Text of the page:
The Beacon: 2024 05/05


Many people think that grief gets easier over time, becoming more manageable as the years pass. However, that's not entirely true. Instead, we learn to deal with it better as we grow and adapt to life without our loved ones. As time passes, we don't make our grief disappear; we learn to live with it, finding ways to keep moving forward despite the pain. I've noticed that I've become stronger and better able to handle my sense of loss and heartache. This personal growth has helped me manage my grief more effectively than I could two years ago.

As the second anniversary of the last time I hugged and spoke to my daughter approaches, I deeply feel the weight of this milestone. Each year reminds me of all the experiences and meaningful moments she's missed, like getting her driver's license, going on her first date, attending prom, and graduating from high school. Reflecting on the changes in my own life over the past few years, it's overwhelming to think about how different Texa might be today if she were still here.

My desire to know who she might have become is mixed with a fear of the unknown, making me both curious and apprehensive about the paths she could have taken and the person she could have become. I wonder if she would have continued swimming in college, aimed for the Olympic Trials, or chosen a different path, such as becoming a doctor or an artist.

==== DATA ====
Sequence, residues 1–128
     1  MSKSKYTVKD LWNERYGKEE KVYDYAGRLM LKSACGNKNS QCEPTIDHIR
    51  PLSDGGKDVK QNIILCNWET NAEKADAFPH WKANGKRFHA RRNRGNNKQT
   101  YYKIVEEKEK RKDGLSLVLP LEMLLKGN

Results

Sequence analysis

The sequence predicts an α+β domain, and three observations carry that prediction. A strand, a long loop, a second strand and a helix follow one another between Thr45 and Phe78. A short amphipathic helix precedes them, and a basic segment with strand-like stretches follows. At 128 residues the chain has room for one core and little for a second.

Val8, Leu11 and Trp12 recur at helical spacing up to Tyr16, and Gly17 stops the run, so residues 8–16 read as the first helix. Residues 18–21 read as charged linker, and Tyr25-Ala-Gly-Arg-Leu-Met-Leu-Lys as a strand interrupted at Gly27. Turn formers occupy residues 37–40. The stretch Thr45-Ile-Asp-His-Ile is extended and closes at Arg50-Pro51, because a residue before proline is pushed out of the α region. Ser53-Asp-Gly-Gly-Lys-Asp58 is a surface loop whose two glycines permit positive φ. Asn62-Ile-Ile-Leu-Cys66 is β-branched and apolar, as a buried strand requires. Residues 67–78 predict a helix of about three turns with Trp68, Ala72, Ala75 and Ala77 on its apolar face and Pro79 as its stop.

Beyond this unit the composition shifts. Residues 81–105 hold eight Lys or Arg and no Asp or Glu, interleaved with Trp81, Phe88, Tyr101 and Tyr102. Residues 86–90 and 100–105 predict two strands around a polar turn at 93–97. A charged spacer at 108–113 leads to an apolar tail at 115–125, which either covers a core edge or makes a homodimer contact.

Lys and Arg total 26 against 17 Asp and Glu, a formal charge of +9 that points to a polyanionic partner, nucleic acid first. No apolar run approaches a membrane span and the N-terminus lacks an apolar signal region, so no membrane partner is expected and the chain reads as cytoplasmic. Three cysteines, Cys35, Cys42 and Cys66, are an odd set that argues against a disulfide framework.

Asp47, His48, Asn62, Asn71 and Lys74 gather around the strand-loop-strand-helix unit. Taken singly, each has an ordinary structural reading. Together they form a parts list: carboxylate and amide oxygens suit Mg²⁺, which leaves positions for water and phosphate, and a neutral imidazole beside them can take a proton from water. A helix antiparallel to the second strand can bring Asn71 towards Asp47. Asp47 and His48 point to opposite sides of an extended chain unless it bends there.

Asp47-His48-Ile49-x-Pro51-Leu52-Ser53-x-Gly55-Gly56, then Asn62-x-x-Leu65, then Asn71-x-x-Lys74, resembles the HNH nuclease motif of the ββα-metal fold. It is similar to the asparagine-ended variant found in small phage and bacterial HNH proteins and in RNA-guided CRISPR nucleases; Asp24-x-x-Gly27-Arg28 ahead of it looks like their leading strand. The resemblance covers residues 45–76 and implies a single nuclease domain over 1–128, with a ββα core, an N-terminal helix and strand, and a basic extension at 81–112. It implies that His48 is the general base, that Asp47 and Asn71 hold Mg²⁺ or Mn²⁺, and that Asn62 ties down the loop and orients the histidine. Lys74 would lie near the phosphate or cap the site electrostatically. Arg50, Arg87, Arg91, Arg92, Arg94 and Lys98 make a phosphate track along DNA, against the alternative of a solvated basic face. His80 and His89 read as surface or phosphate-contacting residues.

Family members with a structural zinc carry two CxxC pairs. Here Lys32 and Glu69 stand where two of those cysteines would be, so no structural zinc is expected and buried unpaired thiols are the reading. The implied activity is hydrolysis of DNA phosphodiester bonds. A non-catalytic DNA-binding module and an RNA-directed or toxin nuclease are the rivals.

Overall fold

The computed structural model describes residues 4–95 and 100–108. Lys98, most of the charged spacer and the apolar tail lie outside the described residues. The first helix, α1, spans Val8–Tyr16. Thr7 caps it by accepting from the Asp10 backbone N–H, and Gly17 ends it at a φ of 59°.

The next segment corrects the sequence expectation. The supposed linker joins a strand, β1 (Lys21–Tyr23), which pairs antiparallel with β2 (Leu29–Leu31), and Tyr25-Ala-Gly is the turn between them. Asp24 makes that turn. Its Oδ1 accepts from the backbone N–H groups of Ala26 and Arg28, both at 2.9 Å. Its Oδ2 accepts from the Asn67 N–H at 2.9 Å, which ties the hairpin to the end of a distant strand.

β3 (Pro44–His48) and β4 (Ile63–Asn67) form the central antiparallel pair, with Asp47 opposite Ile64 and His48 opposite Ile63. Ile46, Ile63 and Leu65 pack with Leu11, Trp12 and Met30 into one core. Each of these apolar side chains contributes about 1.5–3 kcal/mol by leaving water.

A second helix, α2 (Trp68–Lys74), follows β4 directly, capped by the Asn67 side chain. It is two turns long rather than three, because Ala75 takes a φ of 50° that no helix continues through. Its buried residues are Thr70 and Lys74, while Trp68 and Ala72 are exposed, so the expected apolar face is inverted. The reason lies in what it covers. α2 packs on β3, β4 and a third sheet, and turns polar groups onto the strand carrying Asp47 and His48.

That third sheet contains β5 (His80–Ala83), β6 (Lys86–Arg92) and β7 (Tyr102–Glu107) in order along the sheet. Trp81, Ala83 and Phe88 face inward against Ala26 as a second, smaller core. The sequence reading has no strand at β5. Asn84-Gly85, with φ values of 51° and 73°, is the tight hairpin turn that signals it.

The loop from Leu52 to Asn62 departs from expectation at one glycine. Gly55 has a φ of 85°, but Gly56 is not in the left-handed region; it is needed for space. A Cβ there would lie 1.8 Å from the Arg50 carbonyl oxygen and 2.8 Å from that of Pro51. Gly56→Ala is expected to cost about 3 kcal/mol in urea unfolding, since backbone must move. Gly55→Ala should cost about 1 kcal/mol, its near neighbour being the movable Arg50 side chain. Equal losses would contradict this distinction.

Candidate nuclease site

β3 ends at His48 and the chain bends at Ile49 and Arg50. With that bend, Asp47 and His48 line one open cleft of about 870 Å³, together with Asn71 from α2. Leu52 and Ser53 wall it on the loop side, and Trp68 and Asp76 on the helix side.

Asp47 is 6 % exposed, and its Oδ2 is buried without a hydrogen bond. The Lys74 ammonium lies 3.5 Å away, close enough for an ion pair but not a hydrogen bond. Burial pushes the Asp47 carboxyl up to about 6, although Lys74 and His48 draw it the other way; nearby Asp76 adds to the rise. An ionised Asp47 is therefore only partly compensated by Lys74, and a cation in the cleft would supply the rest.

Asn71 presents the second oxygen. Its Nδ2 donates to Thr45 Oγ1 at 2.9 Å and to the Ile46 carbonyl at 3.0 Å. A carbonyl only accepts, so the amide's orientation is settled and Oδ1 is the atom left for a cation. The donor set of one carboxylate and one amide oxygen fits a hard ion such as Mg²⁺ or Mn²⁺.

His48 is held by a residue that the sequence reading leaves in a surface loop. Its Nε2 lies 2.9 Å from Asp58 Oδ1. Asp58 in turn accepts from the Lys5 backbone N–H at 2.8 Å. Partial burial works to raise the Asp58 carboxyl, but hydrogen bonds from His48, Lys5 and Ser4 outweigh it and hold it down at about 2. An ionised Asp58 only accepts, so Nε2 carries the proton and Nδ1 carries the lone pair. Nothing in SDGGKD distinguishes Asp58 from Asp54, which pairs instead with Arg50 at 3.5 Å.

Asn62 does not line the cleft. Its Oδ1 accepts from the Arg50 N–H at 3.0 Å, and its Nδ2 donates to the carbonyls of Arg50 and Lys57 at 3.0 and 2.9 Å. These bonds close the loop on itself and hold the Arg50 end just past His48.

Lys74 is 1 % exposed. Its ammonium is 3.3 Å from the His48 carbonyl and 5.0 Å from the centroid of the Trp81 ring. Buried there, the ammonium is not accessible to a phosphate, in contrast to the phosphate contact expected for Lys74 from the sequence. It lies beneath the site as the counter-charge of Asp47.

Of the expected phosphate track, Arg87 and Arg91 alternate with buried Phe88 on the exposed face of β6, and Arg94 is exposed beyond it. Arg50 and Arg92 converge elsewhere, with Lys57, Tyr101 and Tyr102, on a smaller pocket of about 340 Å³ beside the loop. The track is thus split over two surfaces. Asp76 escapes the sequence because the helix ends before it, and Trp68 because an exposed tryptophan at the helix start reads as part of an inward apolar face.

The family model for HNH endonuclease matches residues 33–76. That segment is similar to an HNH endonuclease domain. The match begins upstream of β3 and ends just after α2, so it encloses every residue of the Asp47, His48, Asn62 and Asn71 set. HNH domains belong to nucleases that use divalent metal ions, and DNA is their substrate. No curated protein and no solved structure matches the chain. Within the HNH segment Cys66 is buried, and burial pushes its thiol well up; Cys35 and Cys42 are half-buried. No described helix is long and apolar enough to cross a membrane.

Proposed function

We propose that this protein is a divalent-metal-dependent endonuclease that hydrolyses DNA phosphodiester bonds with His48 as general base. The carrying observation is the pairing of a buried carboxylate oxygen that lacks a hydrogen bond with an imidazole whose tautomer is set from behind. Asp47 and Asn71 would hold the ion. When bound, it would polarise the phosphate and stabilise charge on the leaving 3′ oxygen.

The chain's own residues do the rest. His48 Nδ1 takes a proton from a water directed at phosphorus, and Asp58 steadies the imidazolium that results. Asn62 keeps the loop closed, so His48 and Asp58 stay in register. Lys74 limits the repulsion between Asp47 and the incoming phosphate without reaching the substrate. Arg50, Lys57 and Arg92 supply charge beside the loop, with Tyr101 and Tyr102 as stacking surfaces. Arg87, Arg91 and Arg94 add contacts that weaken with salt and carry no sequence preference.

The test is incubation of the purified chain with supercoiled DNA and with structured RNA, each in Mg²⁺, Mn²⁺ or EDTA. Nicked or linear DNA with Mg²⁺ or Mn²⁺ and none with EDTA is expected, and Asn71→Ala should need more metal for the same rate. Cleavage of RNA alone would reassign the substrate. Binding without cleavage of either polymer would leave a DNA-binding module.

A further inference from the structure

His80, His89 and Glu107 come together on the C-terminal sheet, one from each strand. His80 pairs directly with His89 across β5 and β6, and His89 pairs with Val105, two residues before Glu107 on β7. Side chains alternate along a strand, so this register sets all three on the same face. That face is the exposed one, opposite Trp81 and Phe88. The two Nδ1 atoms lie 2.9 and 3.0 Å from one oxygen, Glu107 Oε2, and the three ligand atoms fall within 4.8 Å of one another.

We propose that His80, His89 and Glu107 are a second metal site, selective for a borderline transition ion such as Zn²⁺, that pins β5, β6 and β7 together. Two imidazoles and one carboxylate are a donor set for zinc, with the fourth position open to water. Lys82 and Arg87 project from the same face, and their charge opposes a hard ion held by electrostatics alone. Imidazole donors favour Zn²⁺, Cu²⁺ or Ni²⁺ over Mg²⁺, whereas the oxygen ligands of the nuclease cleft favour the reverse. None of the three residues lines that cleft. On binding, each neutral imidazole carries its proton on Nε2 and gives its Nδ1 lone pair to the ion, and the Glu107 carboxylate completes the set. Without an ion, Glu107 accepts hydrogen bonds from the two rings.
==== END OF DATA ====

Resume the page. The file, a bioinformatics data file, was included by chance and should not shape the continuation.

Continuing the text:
These reflections bring a profound sense of loss, not just for me but for Texa herself—the life she never got to experience. Some parents who have lost children can imagine clearly who their child would be today, seeing them in every milestone achieved by their friends or in dreams that feel like glimpses into another world. I can't do that; my thoughts about who Texa would be now are unclear and filled with questions. It feels like I'm an outsider looking into a future that wasn't meant for me, a future where Texa made her own choices and took her own steps in ways I can't predict because they would have been uniquely hers alone. It's tough for any parent in this position, caught between remembering their child as they were and imagining who they could have been, all while navigating the endless "what-ifs" that come with losing a child.

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